Photo/IllutrationThe plaintiff, a man from Sri Lanka, speaks at a news conference after the court verdict was announced July 5 in Tokyo’s Kasumigaseki district. (Makiko Ikenaga)

A Sri Lankan asylum seeker won his second lawsuit in a 12-year quest for refugee status on July 5 when the government was ordered for a second time to grant him the status.

Presiding Judge Chieko Shimizu at Tokyo District Court sided with the 58-year-old plaintiff, who argued that the Japanese government’s refusal to grant him the status in December 2011 was illegal because a court had already ruled in his favor in a previous case earlier that year.

“The man falls under the category of refugee," Shimizu said when announcing the latest verdict at the court.

The plaintiff said at a news conference in Tokyo after the verdict that although the decision had been made too late, he was very happy with it.

Responding to the verdict, the Justice Ministry’s Immigration Bureau issued a statement saying, “We will respond properly after considering the court decision.”

The man, who is of the Tamil ethnic minority group, fled Sri Lanka in 2006 during the country’s civil war.

He arrived in Japan seeking asylum on the basis that he was in danger in his homeland due to authorities suspecting he was a supporter of the militant group Liberation Tigers of Tamil Eelam (LTTE), which was then at war with Sri Lankan government forces. The man denied being involved with the LTTE.

His application was declined, which led him to file his first suit at Osaka District Court. He won the case in March 2011, and the court instructed the government to grant him refugee status.

In December 2011, the government declined to recognize him as a refugee for the second time because it claimed that the situation in Sri Lanka had improved and that it would be safe for him to return there.

The man’s lawyers argued that it was still unsafe for him to return home, and he was issued a residential visa to allow him to live and work in Japan.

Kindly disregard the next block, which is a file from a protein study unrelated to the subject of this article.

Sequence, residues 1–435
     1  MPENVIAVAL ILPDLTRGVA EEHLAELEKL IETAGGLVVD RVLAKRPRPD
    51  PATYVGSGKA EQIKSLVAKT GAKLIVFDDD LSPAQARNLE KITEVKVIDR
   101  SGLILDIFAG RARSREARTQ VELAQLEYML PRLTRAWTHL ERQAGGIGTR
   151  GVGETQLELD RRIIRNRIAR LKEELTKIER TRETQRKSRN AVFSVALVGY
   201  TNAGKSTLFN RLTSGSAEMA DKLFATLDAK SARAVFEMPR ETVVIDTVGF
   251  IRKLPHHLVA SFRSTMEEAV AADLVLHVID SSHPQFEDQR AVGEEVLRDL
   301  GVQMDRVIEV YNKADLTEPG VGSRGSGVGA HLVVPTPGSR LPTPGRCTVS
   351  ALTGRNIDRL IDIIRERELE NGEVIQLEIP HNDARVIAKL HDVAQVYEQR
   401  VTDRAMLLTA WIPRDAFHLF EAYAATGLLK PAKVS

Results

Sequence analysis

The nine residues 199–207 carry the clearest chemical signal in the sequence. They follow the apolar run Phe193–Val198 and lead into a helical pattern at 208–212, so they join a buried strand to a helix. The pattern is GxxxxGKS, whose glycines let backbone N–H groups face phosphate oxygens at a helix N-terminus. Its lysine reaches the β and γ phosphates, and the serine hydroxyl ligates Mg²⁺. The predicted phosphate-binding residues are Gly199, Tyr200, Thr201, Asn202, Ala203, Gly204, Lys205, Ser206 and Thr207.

The man then went on to become the first asylum seeker in Japan to take the government to court twice in pursuit of refugee status.

The situation in Sri Lanka was again taken into account ahead of the July 5 verdict. Although the civil war had ended in May 2009, and safety improved, “Tamils who are suspected of having relations with the LTTE were in danger of being detained by the Sri Lankan government” even after December 2011, when the man was again denied refugee status, according to the suit.

The latest judgment said, “The plaintiff is still eligible to be admitted as a refugee,” and concluded that, “The government’s decision not to confirm him as a refugee is illegal” because it had not provided evidence to overturn the first court ruling in the man’s favor.

Twelve years have passed since the man came to Japan for the first time. He said at a news conference that he was unable to attend the wedding of his daughter who lives in New Zealand as he is not able to travel freely without refugee status.

But despite his prolonged limbo, the man said he still has a strong desire to contribute to Japanese society.

Japan’s record on accepting refugees is unfavorable compared to other advanced nations. According to the Justice Ministry, only 20 people were accepted as refugees in Japan of 19,629 applicants in 2017.

In 2016, France accepted 24,007 refugees and the United States accepted 20,437.